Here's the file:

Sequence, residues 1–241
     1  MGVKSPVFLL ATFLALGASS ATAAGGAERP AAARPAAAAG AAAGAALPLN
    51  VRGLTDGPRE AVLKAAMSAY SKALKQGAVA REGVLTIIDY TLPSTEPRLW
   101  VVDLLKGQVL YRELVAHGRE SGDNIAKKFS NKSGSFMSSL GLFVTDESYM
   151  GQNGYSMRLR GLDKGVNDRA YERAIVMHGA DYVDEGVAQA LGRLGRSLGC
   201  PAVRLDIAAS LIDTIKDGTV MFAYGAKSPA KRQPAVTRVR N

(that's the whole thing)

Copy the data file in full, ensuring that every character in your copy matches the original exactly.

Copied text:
Sequence, residues 1–241
     1  MGVKSPVFLL ATFLALGASS ATAAGGAERP AAARPAAAAG AAAGAALPLN
    51  VRGLTDGPRE AVLKAAMSAY SKALKQGAVA REGVLTIIDY TLPSTEPRLW
   101  VVDLLKGQVL YRELVAHGRE SGDNIAKKFS NKSGSFMSSL GLFVTDESYM
   151  GQNGYSMRLR GLDKGVNDRA YERAIVMHGA DYVDEGVAQA LGRLGRSLGC
   201  PAVRLDIAAS LIDTIKDGTV MFAYGAKSPA KRQPAVTRVR N